Growing a WINning community for women in the Triangle
Women are founding and leading companies at a faster rate than any other time in our history. The foundation for this change has been built by the generations that came earlier to enact critical change and support legislation like the Civil Rights Act of 1964 and Title IX.
Women are driving change in the labor market and the workplace. However, there are still key opportunities for continued growth. As we speak with women business owners at various stages of their journey, we hear that many are held back by a lack of access to the business skills, technology and capital they need to succeed.
As Bank of America’s market president for the Triangle, I see the potential that women business owners can have in our local communities and overall economy. It’s estimated that if women around the world were fully engaged in the labor force, as much as $28 trillion would be added to the global economy by 2025.
At Bank of America, we’re empowering women with solutions to ignite and accelerate their potential, so that their contributions in their communities and to our global economy continue to grow. As a society, we must empower women to achieve their professional and personal goals without feeling that they must sacrifice one for the other.
I am very fortunate to work for a company where more than 50 percent of our workforce is women. We invest in helping women make meaningful contributions within our company and in our communities. In addition, we recognize that women play a significant role in advancing thriving economies, and we’ve formed partnerships to help connect them to the tools and resources they need to succeed.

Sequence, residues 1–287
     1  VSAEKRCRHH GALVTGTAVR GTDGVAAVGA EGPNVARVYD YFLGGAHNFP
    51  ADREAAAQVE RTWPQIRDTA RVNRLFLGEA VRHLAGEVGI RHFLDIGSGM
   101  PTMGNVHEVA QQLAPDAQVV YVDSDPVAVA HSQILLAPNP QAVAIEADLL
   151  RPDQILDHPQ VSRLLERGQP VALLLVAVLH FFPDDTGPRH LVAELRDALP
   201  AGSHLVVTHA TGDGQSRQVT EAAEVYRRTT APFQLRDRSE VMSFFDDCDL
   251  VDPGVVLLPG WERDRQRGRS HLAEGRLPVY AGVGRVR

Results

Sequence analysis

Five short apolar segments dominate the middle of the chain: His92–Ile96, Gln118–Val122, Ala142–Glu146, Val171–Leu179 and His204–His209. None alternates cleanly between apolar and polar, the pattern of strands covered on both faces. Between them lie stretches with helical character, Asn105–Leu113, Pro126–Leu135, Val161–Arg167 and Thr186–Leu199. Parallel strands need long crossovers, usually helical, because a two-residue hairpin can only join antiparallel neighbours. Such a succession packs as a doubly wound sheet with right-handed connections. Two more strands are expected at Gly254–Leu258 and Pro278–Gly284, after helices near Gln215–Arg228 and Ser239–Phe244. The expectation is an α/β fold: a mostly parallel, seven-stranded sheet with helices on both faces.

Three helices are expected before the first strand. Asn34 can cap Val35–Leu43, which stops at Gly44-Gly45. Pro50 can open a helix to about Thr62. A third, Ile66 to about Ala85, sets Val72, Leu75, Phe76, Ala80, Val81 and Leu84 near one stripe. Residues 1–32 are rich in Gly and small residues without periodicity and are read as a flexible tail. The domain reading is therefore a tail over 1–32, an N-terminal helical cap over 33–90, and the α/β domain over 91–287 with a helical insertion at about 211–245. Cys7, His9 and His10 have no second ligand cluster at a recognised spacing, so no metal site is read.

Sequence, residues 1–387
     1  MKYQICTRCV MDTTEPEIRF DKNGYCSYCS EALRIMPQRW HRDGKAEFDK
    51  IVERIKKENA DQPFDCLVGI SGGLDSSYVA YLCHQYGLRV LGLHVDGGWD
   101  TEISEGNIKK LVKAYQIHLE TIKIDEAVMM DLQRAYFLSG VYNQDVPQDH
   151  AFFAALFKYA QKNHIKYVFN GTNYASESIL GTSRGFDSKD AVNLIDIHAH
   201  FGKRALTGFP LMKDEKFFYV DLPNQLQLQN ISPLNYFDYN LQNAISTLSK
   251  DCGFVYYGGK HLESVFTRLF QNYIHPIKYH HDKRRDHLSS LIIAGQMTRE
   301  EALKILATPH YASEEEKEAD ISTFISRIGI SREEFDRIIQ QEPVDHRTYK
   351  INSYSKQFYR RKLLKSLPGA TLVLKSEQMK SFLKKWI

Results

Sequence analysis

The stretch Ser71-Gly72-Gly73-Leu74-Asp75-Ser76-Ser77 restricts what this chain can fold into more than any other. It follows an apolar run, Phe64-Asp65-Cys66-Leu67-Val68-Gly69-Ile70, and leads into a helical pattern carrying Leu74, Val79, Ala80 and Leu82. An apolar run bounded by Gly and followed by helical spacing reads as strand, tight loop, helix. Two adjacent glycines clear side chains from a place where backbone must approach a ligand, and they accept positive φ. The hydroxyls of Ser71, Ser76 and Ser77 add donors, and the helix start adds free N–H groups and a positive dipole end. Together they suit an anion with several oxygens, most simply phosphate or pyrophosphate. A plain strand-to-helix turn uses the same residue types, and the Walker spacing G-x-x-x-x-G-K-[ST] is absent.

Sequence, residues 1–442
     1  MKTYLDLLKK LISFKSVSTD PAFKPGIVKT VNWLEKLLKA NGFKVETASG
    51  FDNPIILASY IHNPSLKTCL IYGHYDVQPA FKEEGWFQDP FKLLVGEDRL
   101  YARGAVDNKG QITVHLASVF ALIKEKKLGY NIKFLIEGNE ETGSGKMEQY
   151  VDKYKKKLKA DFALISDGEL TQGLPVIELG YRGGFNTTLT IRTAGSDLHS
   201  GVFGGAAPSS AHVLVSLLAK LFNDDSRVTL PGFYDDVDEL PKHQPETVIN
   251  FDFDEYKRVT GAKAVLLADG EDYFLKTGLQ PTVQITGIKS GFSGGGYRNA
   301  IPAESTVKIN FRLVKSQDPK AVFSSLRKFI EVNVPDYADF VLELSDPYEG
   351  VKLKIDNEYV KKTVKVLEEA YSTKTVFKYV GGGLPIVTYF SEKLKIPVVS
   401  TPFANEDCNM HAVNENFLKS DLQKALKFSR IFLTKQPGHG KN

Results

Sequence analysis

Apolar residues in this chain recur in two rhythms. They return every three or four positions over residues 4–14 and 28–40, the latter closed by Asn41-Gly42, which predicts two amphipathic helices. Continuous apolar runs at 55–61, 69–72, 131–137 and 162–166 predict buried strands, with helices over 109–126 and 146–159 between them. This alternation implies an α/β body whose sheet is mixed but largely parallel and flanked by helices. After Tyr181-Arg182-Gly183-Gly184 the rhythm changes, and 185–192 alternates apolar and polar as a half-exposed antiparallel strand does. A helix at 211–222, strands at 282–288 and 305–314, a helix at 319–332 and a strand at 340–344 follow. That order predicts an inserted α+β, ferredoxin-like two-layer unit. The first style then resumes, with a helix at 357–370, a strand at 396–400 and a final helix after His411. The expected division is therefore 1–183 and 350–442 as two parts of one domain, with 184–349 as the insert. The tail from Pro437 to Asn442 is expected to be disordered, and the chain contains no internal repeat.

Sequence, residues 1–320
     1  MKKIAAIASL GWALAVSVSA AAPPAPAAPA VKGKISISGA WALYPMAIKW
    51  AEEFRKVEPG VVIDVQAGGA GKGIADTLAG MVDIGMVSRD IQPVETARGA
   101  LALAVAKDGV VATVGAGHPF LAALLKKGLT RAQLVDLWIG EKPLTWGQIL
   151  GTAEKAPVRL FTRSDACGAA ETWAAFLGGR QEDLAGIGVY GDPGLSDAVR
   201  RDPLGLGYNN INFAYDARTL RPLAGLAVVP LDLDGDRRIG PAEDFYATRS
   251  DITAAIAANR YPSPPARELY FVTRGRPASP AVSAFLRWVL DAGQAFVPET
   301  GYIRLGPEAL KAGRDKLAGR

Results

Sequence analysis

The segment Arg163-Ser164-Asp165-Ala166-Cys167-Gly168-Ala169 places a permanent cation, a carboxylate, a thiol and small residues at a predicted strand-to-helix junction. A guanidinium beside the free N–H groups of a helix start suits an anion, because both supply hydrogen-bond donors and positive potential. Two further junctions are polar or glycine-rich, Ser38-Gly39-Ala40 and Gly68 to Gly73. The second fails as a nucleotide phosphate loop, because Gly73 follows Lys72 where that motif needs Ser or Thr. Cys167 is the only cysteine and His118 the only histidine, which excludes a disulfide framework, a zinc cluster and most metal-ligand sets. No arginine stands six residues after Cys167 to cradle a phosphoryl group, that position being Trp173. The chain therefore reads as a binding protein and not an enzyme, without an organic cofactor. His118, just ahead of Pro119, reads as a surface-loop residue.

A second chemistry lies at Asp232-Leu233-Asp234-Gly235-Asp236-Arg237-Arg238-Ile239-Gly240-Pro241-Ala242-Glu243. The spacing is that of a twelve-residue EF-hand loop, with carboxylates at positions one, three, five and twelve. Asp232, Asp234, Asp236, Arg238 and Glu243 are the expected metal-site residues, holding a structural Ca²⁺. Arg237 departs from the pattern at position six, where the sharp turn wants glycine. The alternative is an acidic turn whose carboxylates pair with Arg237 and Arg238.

From our work with the Tory Burch Foundation Capital Program that connects women entrepreneurs with low-cost capital to partnering with Vital Voices to develop our Global Ambassador’s program to support emerging women leaders, we recognize the importance of supporting mentorship and community building that helps women reach their full potential.
A critical part of empowering women is bringing them together so they can learn from one another and from their collective experiences. For these many reasons, we’ve been a proud founder, in partnership with Walter magazine, to host WINnovation and now WINi, in an effort to connect women from across the Triangle so that they can learn and grow together.
There is no doubt that women’s impact in the labor market will continue to grow and shift. It is important to learn from each other as we take this journey together and build a community in the Triangle that propels women to their greatest achievements.
Kari Stoltz is the Triangle market president for Bank of America.
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